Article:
Keep in mind that lane departure systems are not meant to be used without driver input. While they provide steering support, they do not purport to be self-driving or autopilot features.

Do Lane Departure Systems Work?

There is ample evidence to support the effectiveness of lane departure systems. A study from the Alabama Transportation Institute at The University of Alabama found that the use of lane departure systems can reduce car crashes. The study found that the adoption of a lane departure system with a 20% effectiveness — that is, the ability to prevent improper lane departure in 20% of the applicable cases — would decrease the number of car crashes by 2.7%. Notably, it found that lane departure systems could achieve a reduction of car crashes of 66.5% if their effectiveness is increased to 100%.

Another study conducted by the Insurance Institute for Highway Safety, a nonprofit highway safety organization, found a favorable outcome for vehicles equipped with lane departure systems. The study found that vehicles with these technologies showed a decrease of 18% in accidents of all severities, 24% in accidents with injuries, and 86% in accidents with fatalities. This makes lane departure systems extremely effective at preventing fatal car accidents.\

What Are Some Limitations of Lane Departure Systems?

Lane departure systems, like all technologies, are not perfect. Here are some of the most common limitations of these systems:

  • Does not account for extraneous circumstances: Potholes, cyclists, pedestrians, and objects on the road could cause the driver to temporarily shift out of their lane. Most lane departure systems are unable to identify these situations and recognize the need to steer off course. Systems with corrective driving may cause an accident by forcing the driver to stay in their lane even when there is a potential hazard ahead.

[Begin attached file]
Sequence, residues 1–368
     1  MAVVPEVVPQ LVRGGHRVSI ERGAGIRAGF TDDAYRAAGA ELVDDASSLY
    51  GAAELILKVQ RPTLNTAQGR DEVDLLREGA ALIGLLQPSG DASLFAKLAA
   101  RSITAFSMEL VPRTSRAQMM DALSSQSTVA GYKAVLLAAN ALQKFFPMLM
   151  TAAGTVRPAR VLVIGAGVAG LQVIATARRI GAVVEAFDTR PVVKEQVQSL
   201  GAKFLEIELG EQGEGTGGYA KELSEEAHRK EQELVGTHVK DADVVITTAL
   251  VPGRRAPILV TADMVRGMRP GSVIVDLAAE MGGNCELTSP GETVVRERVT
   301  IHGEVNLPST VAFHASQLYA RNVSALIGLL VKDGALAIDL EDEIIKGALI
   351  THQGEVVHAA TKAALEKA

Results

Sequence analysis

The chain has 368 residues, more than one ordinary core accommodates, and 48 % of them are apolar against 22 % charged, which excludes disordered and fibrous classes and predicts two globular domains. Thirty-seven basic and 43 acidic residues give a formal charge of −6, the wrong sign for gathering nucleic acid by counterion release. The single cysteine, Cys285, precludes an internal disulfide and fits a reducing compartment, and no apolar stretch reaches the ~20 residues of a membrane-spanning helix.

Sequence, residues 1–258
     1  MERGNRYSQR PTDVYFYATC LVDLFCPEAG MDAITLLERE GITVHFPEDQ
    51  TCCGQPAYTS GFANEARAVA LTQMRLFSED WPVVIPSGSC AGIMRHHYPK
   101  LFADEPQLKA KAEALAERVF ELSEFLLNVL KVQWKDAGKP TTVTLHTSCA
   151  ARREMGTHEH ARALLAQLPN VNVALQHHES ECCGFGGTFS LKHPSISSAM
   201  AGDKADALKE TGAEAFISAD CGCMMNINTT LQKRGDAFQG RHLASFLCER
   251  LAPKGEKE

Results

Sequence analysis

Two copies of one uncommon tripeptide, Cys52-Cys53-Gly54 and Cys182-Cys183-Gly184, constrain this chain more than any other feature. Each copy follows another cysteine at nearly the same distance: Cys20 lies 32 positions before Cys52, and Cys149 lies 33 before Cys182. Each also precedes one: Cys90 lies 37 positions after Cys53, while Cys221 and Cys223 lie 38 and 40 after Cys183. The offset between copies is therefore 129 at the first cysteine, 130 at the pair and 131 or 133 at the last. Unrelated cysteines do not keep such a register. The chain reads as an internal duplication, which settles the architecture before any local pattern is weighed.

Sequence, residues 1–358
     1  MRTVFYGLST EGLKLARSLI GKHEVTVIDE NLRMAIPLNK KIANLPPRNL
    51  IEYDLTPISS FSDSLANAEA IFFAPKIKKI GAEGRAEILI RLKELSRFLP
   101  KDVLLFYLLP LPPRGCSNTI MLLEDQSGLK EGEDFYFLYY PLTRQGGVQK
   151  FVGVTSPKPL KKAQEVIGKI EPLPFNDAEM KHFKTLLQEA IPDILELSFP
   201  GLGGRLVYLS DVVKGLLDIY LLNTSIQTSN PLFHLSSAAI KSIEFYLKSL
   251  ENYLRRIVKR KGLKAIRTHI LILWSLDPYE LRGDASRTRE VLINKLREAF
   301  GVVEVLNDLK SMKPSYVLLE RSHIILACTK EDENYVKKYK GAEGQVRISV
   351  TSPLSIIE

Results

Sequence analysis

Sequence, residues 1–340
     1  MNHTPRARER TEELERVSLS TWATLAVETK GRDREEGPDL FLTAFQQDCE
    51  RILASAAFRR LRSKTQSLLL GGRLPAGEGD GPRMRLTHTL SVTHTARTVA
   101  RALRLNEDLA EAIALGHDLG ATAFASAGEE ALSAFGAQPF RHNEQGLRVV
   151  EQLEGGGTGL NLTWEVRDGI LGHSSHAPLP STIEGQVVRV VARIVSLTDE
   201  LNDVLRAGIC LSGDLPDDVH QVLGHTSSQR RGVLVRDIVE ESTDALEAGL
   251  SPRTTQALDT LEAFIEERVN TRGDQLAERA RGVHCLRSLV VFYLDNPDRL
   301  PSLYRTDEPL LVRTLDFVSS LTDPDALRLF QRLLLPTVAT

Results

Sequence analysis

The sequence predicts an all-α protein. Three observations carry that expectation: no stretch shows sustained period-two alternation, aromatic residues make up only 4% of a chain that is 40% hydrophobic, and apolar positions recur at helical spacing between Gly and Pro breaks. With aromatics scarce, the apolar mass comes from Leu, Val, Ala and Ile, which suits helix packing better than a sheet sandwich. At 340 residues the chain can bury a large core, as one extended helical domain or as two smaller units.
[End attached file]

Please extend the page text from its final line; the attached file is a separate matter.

• Warnings can be distracting: Lane departure systems are often triggered in critical moments when the driver is making a maneuver to avoid a collision. The audible or haptic warnings can be distracting at a time when the driver needs the utmost concentration.
  • Improper lane markings: Lane departure systems depend on clearly marked lanes on the road, which are not always available. Construction can be particularly problematic for these systems, as temporary markings may trigger the warnings when the driver is following the correct lane.
  • Curving roads: Lane departure systems are designed for roads without sharp curves. Since the camera is front-facing, a sharp curve may be difficult for the system to detect. This can cause the lane departure system to be improperly deployed.


Morris & Dewett provides this information to the public for general education and interest. The firm does not represent clients in every topic discussed in answers to frequent questions. The information is curated and produced based on questions commonly asked or search terms commonly used. Every effort is made to provide accurate information. Do not make any decision solely based on the information provided, please seek relevant counsel for each topic area. Consult an attorney before making any legal decision, consult a doctor before making any medical decision, and consult a financial advisor before making any fiscal decision. Information provided is not legal advice. If you have any legal needs, please do not hesitate to contact us. We are pleased to assist you.